Adoption

Since the standard was published in late 2005, tools for creation, conversion, and validation of PDF/A-1 reached the market steadily. Adobe's own Acrobat Professional 7.0, released in 2004, allowed saving files in a form compliant with the draft standard. Acrobat 8 (2006) and later versions support the standard as published. Microsoft Office 2007 supported creation of PDF/A files through Save as PDF, originally an add-on module. Open Office introduced support for PDF/A in release 2.4 (in early 2008). LibreOffice can export documents as PDF/A-1; as of version 6.0.7.3 (current as of early 2019), this is the only version of PDF/A that can be generated.

Many commercial companies with products aimed at large enterprises, have produced products supporting the creation, migration, and validation of PDF/A files. Pioneers included Apago, Inc., Visioneer (for scanning paper to PDF/A-1b), Callas Software, Compart Systemhaus, Luratech, Nuance, and PDF Tools AG. Many of these companies are based in Europe, where the growing requirements from the EU for use of digital formats that are formal (preferably ISO) standards has produced more market pressure than in the U.S. Starting with version 0.93 (released in January 2007), the widely used open source Apache FOP (Formatting Object Processor, based on the W3C's XSL-FO standard) introduced support for the minimal PDF/A profile, PDF/A-1b. Apache FOP 1.1 (released in October 2012) added some support for PDF/A-1a as part of improved support for accessibility. A large number of supporting products can be found at http://www.pdfa.org/products/ from the PDF Association.

The standards development process involved active participation on behalf of communities whose endorsement or adoption would create significant momentum for wider adoption in the sense of requirement or preference for PDF/A over generic PDF for archival deposit or submission. Important groups are government agencies and legislative and judicial institutions. Adobe reported migration of legacy "report silos" at several (un-named) financial institutions at a meeting of the European DLM (Document Lifecycle Management) Forum in Helsinki in November 2006. An increasing number of libraries and other archival institutions are recommending or requiring PDF/A. For pragmatic reasons, when PDF/A is mandated, PDF/A-1b is usually acceptable. Full PDF/A-1a compliance, with tagged document structure, is hard to achieve except in a workflow that anticipates that objective from initial document creation. Libraries and archives recommending or mandating PDF/A for textual documents deposited in a digital repository soon after the standard was published included: Virginia Tech for electronic theses; the National Archives of Norway; and the University of Texas Libraries. The United States Patent and Trademarks Office (USPTO) has requirements for PDFs that it accepts for electronic filing; the requirements are based on the PDF/A specification. Documents conforming to PDF/A-1 meet the USPTO requirements. In February 2014, PDF/A-1 was declared a preferred format for textual documents, scanned text, presentations, and posters for transfer of permanent electronic records to the U.S. National Archives.  For scanned text, additional image quality guidance is given.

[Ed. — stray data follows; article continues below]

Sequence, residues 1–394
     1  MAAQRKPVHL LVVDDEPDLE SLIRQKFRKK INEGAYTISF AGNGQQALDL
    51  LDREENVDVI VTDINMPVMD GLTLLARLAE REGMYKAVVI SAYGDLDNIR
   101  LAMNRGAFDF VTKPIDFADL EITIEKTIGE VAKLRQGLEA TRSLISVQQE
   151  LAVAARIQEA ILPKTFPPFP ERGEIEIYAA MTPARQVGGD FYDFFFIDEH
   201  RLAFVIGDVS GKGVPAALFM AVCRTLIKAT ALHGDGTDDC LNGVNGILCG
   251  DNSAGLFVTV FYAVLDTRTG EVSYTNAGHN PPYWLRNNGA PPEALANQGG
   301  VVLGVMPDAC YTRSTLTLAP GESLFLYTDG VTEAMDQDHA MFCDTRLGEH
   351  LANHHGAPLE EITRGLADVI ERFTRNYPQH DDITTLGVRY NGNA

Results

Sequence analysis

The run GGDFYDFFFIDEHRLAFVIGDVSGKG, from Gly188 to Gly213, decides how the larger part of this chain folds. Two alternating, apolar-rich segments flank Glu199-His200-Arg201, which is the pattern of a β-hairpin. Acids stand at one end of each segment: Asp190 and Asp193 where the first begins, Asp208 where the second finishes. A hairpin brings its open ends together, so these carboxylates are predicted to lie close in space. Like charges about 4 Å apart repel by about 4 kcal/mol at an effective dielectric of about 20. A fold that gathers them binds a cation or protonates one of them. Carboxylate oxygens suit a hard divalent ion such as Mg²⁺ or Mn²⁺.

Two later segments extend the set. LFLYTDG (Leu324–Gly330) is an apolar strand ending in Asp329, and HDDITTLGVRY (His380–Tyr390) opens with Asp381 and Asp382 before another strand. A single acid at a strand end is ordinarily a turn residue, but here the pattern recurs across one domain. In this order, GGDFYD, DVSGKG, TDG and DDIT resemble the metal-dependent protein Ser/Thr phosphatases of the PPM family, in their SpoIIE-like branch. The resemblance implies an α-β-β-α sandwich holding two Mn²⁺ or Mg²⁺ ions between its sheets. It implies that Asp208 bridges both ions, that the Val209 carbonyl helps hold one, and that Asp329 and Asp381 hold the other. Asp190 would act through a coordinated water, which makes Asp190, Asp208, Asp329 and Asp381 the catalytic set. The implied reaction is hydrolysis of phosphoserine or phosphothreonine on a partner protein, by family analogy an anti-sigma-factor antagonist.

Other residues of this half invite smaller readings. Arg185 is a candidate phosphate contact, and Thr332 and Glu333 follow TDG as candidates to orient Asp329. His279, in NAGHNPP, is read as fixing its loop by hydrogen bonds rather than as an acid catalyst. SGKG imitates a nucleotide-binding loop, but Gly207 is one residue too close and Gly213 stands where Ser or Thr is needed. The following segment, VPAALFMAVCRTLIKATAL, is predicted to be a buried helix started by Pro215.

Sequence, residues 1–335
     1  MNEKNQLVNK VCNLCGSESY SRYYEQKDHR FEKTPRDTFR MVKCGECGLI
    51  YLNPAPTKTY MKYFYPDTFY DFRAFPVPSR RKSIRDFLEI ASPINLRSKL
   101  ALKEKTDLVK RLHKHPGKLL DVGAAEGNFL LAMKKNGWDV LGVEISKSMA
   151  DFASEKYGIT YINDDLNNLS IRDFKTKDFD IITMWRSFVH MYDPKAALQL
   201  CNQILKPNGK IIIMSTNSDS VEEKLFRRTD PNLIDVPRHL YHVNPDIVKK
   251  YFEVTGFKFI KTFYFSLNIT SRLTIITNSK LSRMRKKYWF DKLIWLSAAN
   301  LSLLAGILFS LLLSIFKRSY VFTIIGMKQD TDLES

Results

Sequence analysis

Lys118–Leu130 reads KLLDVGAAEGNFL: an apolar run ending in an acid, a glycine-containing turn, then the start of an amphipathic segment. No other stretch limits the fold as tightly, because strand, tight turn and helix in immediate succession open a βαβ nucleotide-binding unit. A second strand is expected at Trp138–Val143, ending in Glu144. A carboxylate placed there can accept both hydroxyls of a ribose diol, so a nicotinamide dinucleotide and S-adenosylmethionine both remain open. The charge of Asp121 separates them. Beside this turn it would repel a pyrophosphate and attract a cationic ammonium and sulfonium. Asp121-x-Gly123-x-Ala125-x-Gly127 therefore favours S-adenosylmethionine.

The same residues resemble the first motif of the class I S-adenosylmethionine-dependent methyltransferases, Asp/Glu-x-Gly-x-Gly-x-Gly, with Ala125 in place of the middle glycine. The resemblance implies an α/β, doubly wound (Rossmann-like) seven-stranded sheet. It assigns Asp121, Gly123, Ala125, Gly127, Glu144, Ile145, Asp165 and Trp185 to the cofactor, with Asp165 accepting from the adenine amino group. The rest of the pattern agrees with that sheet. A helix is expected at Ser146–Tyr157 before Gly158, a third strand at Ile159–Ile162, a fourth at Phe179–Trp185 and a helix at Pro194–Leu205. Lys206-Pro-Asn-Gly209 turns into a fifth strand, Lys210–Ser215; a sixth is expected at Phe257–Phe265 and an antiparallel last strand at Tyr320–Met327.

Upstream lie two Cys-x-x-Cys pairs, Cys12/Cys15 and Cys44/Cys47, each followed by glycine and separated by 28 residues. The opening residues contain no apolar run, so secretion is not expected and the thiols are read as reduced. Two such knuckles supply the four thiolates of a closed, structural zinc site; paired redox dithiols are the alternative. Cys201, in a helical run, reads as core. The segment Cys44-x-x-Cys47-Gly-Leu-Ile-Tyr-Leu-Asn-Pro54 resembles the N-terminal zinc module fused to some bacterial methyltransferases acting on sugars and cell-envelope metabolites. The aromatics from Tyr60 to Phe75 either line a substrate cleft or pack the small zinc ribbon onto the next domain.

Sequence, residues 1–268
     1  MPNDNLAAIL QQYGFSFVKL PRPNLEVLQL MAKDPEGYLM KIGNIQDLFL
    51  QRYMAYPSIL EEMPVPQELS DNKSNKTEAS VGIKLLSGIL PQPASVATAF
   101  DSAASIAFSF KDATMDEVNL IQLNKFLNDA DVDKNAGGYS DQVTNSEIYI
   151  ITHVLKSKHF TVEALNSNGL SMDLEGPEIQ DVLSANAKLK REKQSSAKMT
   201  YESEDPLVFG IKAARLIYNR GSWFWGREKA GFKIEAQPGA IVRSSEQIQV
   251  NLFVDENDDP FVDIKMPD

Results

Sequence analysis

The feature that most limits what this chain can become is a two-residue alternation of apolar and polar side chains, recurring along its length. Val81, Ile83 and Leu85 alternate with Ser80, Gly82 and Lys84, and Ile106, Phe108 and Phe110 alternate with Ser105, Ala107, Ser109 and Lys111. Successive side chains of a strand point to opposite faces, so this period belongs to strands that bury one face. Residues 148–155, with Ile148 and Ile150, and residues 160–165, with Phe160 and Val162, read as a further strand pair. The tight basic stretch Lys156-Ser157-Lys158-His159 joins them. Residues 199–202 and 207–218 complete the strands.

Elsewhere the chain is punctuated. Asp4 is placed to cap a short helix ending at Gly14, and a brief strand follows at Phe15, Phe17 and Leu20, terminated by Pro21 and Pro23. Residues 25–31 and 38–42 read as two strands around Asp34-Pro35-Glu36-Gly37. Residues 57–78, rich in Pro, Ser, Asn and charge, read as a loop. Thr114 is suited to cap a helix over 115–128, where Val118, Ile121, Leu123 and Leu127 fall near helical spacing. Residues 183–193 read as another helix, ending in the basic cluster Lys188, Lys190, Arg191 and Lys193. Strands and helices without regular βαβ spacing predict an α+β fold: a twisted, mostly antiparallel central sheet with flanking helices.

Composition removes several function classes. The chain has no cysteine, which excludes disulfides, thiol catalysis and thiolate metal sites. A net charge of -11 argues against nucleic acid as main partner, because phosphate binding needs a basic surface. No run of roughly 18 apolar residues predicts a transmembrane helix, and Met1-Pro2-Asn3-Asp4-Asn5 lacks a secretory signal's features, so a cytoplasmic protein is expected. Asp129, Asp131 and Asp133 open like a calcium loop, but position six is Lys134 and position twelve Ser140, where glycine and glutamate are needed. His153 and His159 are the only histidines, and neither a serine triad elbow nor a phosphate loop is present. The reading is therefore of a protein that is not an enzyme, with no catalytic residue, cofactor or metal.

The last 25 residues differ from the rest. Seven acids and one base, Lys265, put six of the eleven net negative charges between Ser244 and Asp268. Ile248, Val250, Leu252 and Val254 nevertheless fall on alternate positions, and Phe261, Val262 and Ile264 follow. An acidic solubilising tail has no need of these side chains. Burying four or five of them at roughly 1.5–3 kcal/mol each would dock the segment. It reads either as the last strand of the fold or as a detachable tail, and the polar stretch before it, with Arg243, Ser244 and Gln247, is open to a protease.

According to an announcement available on the PACER (Public Access to Court Electronic Records -- for U.S. Federal Courts) web site in February 2011, "The Judiciary is planning to change the technical standard for filing documents in the Case Management and Electronic Case Filing (CM/ECF) system from PDF to PDF/A."